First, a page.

Posted by: Kevin_Willis | February 4, 2010 11:48 PM | Report abuse

What citizen did Obama decide hecwas going to assassinate? Did I miss that part of the SOTU?

Posted by: Kevin_Willis | February 4, 2010 11:50 PM | Report abuse

But, Ezra, the Constitution doesn't say the President can do these things. In fact, it pretty specifically says he can't deprive someone of life, liberty or property without due process of law.

The thing is: there is functionally no check on the executive branch, especially with his own party in (nominal) control of Congress. None. The executive can do whatever it damned well pleases, and get away with it, so long as it is willing to insist on its right to do so.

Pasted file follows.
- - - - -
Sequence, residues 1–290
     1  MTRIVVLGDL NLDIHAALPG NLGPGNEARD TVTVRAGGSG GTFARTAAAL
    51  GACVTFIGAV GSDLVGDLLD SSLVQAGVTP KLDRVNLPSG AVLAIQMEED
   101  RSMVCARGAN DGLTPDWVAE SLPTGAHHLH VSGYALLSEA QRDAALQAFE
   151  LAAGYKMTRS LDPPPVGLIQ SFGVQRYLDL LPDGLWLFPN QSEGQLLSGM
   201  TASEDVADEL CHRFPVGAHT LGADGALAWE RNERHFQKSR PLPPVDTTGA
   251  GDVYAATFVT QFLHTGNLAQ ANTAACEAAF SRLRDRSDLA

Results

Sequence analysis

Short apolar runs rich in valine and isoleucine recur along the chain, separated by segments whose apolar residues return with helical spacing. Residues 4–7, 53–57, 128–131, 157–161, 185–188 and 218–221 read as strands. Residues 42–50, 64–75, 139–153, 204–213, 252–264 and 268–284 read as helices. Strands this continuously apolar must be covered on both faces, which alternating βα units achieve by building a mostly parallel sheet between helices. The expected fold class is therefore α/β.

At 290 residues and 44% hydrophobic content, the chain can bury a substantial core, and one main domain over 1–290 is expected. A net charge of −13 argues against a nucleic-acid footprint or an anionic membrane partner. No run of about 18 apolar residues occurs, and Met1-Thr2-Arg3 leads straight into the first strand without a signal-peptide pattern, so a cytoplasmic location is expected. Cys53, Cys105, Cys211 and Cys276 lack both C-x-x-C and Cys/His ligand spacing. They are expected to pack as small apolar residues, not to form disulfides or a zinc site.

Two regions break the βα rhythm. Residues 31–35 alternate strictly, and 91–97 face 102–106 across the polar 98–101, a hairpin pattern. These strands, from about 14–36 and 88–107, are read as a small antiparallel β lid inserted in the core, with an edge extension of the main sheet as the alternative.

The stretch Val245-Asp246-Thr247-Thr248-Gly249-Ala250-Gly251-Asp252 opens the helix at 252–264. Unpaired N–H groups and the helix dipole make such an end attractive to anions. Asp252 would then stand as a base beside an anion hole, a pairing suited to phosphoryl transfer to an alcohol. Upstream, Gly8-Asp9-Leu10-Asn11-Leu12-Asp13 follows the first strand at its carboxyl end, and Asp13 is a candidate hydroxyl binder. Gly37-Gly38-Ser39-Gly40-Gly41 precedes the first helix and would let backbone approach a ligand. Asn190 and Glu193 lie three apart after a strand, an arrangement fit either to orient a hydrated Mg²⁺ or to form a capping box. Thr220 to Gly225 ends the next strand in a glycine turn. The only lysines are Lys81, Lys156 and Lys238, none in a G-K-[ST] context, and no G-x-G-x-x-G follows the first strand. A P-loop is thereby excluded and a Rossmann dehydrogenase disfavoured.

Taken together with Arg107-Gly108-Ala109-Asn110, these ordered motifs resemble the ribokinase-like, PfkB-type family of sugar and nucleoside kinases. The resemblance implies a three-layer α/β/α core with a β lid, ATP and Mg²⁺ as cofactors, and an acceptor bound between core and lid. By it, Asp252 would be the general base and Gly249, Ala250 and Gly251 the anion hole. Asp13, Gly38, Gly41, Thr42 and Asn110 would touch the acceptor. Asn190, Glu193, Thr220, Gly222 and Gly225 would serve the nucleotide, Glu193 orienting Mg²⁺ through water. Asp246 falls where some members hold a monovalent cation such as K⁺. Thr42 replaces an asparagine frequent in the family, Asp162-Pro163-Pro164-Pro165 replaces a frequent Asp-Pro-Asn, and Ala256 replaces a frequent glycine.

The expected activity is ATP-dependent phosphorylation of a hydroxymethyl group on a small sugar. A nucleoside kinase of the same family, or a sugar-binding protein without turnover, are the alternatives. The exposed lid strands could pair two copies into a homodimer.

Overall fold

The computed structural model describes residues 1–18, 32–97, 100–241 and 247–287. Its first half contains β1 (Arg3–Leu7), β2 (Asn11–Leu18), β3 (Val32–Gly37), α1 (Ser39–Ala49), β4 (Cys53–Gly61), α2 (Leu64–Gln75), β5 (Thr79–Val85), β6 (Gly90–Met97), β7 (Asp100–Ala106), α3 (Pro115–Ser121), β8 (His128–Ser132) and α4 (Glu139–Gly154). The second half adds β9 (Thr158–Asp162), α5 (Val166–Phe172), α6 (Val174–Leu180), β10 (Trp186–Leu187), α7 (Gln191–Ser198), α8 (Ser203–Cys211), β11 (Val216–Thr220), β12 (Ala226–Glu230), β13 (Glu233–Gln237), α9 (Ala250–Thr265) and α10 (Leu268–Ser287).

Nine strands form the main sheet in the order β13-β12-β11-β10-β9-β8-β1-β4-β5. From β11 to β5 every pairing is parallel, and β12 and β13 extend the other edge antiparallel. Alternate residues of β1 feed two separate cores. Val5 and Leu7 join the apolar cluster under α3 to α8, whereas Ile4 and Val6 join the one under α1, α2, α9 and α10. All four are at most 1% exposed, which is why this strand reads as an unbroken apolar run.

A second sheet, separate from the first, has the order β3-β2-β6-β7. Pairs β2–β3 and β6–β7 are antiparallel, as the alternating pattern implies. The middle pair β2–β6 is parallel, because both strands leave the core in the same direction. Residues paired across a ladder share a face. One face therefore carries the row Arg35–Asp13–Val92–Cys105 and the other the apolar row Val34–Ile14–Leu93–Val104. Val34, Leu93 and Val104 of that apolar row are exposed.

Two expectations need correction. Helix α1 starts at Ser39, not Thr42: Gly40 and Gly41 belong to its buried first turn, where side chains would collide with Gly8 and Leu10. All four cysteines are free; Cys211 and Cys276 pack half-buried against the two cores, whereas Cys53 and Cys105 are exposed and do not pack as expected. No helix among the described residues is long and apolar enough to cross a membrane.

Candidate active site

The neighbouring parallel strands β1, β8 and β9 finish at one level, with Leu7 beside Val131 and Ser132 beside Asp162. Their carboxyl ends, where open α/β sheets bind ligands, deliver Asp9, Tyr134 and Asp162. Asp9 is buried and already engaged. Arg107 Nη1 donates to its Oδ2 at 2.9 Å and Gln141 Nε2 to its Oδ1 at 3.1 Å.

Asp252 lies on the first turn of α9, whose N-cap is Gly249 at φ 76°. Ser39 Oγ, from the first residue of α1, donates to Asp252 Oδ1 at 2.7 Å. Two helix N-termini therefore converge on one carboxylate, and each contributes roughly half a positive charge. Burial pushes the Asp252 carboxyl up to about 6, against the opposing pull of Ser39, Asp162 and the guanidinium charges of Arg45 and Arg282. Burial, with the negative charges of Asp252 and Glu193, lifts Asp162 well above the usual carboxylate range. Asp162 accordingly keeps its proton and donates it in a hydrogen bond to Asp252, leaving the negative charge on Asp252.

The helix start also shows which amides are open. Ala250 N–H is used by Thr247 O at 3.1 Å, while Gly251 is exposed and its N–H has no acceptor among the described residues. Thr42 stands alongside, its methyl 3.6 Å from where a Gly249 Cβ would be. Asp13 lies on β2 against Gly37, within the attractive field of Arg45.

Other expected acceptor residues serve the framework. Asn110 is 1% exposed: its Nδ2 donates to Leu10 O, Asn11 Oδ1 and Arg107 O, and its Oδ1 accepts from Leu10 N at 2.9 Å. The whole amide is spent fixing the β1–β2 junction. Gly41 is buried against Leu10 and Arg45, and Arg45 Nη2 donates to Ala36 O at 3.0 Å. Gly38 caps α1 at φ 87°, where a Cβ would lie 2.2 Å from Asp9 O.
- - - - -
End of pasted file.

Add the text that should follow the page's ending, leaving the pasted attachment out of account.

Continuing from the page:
We saw this over and over again under Bush. Torture, in blatant contravention of our legal and treaty obligations. Secret prisons. Unwarranted wiretapping. Picking Jose Padilla up off the street and holding him without trial. Elaborate signing statements effectively giving him the power to write law at will. These aren't things the Presidency is Constitutionally empowered to do-- they're just things the President /chose/ to do, and insisted he was empowered to do so; and in so-doing, he created his own reality.

If Obama wanted to unilaterally suspend enforcement of DADT, do you honestly think he couldn't get away with it? Hell, he's going to have the EPA regulate greenhouse gas emissions as an extension of existing authority.